Councilmember considers plan to create bike lanes on Westwood Boulevard
A city councilmember is considering a new plan that aims to construct bicycle lanes on Westwood Boulevard without affecting traffic and parking.
The proposal, which has garnered community support through an online petition with about 500 signatures, would install bike lanes between Santa Monica Boulevard and Le Conte Avenue.
In those areas there is enough space for either a colored lane with a buffer or a protected bike lane next to the curb, without taking space away from traffic or parking. Ryan Snyder, the plan’s creator and a UCLA alumnus, sent the plan to Councilmember Paul Koretz’s office for consideration.
Previous attempts to bring bike lanes to Westwood have failed, Snyder said.
In the past, some community members were concerned that new lanes would remove space for parking or cause even more traffic on the street.
Koretz was unwilling to approve anything that would make traffic any worse, so he created a plan to install bike lanes where they will comfortably fit, Snyder said.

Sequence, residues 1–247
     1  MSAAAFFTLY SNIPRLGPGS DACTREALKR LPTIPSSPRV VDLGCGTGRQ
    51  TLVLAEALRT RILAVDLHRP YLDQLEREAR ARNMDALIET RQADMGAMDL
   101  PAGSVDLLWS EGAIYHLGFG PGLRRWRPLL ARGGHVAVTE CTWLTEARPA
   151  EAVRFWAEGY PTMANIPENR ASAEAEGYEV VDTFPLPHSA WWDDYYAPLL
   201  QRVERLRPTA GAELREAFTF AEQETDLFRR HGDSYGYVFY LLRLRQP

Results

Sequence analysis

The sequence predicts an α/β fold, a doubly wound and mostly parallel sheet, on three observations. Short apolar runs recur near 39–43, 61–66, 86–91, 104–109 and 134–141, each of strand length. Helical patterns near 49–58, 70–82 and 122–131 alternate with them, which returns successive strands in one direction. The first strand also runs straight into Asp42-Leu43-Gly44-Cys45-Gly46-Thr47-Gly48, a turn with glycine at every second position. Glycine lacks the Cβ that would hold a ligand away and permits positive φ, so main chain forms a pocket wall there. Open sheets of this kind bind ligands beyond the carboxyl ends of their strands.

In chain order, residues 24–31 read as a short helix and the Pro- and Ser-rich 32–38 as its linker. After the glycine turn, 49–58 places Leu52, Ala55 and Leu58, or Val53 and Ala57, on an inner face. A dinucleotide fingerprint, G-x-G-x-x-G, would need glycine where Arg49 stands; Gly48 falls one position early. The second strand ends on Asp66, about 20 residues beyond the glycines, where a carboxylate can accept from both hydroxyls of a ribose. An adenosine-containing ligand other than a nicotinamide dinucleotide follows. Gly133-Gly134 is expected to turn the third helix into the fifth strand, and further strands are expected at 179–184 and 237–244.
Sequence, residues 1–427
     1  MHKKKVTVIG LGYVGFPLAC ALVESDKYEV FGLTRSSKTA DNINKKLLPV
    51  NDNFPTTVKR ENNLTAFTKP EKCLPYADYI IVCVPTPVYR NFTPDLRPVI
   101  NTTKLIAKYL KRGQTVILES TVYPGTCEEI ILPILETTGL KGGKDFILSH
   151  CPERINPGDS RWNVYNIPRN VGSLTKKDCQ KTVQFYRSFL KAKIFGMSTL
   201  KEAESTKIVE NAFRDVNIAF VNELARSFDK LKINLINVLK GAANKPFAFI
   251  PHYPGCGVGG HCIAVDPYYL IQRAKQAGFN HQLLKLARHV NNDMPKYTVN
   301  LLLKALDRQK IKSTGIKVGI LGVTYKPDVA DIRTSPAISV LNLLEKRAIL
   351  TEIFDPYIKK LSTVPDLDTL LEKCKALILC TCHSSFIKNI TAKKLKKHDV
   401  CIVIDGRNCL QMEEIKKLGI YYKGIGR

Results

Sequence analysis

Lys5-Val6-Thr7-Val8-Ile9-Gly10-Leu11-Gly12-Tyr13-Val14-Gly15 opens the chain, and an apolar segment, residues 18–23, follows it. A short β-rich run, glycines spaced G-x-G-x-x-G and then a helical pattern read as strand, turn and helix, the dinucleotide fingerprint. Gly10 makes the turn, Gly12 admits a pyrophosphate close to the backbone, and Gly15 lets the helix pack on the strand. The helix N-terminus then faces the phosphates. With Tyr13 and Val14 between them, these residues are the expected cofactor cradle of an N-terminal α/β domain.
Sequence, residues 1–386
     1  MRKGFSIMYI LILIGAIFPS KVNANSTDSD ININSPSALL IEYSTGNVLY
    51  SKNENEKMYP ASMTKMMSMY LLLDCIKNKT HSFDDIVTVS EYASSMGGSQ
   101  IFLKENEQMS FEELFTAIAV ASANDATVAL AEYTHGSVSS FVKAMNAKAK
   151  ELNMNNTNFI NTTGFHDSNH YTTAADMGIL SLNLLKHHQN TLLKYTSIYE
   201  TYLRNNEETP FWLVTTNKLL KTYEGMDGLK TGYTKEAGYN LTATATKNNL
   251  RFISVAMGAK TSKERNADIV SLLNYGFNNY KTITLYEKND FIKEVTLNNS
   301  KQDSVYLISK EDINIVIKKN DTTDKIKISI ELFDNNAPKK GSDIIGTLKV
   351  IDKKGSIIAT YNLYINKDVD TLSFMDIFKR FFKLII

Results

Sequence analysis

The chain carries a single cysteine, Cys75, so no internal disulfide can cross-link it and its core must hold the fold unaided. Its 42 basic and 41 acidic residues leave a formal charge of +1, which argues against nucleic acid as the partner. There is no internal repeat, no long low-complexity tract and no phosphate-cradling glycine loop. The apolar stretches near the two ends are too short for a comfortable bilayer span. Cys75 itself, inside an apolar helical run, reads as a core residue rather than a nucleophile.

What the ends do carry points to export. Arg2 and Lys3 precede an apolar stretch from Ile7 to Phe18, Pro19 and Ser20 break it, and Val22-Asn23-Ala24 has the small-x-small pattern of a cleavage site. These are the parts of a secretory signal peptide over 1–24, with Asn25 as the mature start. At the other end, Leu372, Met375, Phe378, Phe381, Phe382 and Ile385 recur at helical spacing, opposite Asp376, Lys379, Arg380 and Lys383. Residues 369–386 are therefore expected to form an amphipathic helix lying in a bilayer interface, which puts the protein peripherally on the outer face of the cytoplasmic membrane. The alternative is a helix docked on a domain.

“Since I live in the community, I wanted something to improve conditions for bicyclists in this area,” said Snyder, president of Ryan Snyder Associates, LLC, a transportation planning consulting firm. “I wanted to give everybody something specific to advocate for.”
Eric Bruins, planning and policy director for the Los Angeles County Bicycle Coalition, said Snyder is one of the main experts of bicycle planning in Southern California and that the coalition was eager to support the plan, which is known as the “Remove Nothing Plan”.
Bruins said Westwood Boulevard has more bicycle traffic than many nearby roads, and he thinks implementing bike lanes on Westwood is especially important for the safety of students and other commuters who regularly bike to UCLA.
Third-year mathematics student Katie Lu said she often bikes around campus and the surrounding area, and that she thinks unsafe conditions are fostered by a lack of bike lanes.
“You’re either in a dangerous place where cars can turn and cause accidents, or you’re in the middle, holding up traffic, and people get upset,” Lu said. “There’s really no good place for bikes to be.”
The Los Angeles Department of Transportation began a study last year authorized by Koretz to determine how bike lanes would affect traffic in Westwood, but Koretz put an end to it before any results were found.
“There was an incredible amount of opposition from very many sectors of the community to the proposal,” said Koretz’s spokesman, Paul Michael Neuman.
The previous plan included reducing some of the lanes used by motorists, unlike the current plan.
Neuman said that Koretz is aware of the new proposal and is interested in receiving input and giving it due consideration.
Email Brunson at [email protected].